--- In VacuumX@yahoogroups.com, "henry_3507" <kmnhij@...> wrote:

                >
                > Isnt there any risk that the tungsten would be disolved into the nickel so
                it would be a deposit of both? It might not matter perhaps just wanted to mention it if this now micht be the case.
                >
                > Regards Henry
                >
                >
                >
                > --- In VacuumX@yahoogroups.com,
                "sciotoa" <sciotoa@> wrote:
                > >
                > > Thanks for the suggestions. The coater I have was given to me by Bill
                Pollack who has posted here before as Arcstarter. It was originally used for coating quarts crystals used in electronic oscillators.
                > > It would first coat a layer of nickle and then a layer of gold on top
                of that. So far I have just been coating stuff just so I can learn how it works.
                > >
                > > The machine is made to use two boats with a separate transformer for
                each. I was wondering why one transformer was a lot bigger than the other. The bigger one may be for the nickle side. The tungsten boat I was using was .01" thick. Trying a thicker one sounds like a good Idea.
                >

              • Aurigema, Andrew N. (KSC-ASRC-491)[ASRC A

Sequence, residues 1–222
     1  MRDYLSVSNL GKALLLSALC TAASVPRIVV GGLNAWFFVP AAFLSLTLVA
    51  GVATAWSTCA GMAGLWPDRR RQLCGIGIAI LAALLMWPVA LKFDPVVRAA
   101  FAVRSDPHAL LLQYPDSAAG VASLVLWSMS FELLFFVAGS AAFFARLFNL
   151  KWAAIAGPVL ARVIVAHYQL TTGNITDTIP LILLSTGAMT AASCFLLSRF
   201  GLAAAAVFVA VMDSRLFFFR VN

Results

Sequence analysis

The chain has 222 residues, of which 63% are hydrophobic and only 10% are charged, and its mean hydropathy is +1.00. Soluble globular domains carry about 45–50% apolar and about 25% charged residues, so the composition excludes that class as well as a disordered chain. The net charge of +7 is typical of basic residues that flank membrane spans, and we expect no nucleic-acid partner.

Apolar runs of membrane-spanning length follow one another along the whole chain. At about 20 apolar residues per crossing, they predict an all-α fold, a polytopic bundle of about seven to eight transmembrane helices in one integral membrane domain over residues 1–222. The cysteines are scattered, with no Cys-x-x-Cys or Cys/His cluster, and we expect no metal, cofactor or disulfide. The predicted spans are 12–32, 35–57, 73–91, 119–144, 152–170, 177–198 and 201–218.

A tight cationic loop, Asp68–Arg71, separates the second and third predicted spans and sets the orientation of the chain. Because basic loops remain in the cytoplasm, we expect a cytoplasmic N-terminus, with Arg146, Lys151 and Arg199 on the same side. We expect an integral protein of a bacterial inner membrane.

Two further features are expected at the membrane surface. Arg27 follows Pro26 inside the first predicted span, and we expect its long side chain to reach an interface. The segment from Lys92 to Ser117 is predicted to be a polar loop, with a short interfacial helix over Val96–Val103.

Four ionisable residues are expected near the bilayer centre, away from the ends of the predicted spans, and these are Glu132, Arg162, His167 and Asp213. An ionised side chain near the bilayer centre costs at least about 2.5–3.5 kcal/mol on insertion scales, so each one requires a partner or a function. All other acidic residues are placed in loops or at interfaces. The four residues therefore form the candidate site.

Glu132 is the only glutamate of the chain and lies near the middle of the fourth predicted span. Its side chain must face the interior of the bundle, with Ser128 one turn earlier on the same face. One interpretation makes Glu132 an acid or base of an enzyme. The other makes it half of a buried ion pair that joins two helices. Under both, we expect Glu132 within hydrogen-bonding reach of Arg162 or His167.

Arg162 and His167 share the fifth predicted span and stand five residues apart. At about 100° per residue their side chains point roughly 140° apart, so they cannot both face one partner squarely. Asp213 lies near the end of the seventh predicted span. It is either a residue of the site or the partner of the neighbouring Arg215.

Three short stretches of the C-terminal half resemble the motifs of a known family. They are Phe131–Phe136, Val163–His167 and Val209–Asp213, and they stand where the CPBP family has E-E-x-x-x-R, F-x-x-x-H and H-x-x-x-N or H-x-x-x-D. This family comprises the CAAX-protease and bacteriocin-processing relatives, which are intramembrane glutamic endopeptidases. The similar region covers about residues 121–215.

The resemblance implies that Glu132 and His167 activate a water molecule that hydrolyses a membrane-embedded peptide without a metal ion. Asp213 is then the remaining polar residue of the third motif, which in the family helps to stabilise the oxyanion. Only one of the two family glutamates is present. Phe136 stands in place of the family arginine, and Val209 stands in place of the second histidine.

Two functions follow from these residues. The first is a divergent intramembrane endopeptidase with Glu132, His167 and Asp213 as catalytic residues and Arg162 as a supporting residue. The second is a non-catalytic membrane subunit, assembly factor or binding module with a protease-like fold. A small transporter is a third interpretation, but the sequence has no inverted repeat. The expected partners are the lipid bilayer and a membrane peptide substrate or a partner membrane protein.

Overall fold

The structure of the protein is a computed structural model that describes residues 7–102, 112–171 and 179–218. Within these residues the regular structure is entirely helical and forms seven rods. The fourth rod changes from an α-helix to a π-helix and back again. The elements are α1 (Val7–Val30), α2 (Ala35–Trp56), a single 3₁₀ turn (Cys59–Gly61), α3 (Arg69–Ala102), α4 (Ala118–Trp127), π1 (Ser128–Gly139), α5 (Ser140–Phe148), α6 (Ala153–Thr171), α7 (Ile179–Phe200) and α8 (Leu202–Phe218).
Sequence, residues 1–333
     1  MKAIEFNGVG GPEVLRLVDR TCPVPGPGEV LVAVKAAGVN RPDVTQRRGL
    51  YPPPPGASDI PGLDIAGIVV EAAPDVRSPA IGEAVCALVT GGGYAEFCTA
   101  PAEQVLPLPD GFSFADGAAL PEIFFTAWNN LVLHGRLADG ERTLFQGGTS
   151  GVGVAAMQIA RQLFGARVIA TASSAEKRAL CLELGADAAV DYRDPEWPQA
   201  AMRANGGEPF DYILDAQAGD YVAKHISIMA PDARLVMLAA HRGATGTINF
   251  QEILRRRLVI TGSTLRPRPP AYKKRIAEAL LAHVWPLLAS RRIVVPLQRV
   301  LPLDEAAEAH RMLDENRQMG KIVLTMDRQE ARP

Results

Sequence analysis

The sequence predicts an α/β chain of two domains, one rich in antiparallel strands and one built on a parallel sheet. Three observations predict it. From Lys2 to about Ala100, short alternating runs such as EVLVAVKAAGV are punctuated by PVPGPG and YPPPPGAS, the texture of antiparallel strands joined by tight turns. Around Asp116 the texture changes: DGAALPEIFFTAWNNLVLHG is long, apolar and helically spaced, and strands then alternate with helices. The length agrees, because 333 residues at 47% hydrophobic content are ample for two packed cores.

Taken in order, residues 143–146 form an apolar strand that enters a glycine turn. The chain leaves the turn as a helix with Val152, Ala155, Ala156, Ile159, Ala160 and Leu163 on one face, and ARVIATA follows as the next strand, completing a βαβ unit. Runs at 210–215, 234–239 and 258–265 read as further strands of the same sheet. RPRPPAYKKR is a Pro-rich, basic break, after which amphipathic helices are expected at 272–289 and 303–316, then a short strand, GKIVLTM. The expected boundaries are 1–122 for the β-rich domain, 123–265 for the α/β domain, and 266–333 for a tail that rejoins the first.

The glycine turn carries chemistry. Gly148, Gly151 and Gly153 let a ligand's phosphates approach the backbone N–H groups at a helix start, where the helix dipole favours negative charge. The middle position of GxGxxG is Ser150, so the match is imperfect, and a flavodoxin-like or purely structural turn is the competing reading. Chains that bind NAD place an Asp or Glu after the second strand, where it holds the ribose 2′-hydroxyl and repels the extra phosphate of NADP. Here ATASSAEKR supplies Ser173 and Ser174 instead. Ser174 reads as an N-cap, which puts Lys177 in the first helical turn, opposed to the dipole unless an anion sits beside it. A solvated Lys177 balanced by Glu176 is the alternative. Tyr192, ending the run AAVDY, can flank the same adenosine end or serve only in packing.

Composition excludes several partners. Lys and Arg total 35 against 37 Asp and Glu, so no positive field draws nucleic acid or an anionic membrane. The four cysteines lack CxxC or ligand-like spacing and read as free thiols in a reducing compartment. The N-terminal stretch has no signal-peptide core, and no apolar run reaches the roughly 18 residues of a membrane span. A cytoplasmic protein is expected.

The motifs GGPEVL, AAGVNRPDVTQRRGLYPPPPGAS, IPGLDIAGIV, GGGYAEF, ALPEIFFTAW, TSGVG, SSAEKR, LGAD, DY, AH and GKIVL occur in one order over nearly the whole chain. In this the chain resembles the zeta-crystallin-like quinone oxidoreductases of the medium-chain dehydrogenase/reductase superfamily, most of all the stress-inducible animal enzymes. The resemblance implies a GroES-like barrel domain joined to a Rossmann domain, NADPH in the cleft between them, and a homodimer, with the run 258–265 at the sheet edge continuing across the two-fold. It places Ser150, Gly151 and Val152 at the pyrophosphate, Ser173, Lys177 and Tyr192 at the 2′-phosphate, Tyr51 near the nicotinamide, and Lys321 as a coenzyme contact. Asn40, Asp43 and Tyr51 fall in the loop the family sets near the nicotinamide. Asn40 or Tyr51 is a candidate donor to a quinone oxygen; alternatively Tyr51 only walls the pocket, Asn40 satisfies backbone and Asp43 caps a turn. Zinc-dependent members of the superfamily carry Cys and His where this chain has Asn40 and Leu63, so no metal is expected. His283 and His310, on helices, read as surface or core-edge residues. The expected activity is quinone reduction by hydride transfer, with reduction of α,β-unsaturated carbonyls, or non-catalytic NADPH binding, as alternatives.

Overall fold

I agree. That deep purple coating is only about 40% reflective but it is very tough. I coated my secondary a little wrong about 2 years ago and it still
                Message 7 of 8 , Apr 5, 2010

                  I agree.  That deep purple coating is only about 40% reflective but it is very tough.  I coated my secondary a little wrong about 2 years ago and it still looks perfect……. But is only 40% reflective.  So if can go less on the power and let the aluminum evaporate away the tungsten will stay behind as nasty looking crystals.

                   

                  Drew

                   

                  From: VacuumX@yahoogroups.com [mailto:VacuumX@yahoogroups.com] On Behalf Of Thomas Janstrom
                  Sent: Sunday, April 04, 2010 8:33 AM
                  To: VacuumX@yahoogroups.com
                  Subject: RE: [VacuumX] Re: Useing nickle in tungsten boat

                   

                   

                  That’s why Kevin at Mid Western Tungsten recommended the alumina coated tungsten boats, nickel wets tungsten a little too well shall we say….

                   

                  Funny but aluminium does this too, but the low BP means you get, in effect, fractional distillation happening leaving the W behind as the dissolved aluminium evaporates out of solution. Too much power (my best guess after much thought) and you can actually evaporate an aluminium/tungsten complex that will deposit out giving blue black coatings. Just ask Drew in Sunny (?) Florida.

                   

                  Cheers, Thomas Janstrom.

                  Little Gems.

                  http://tjlittlegems.com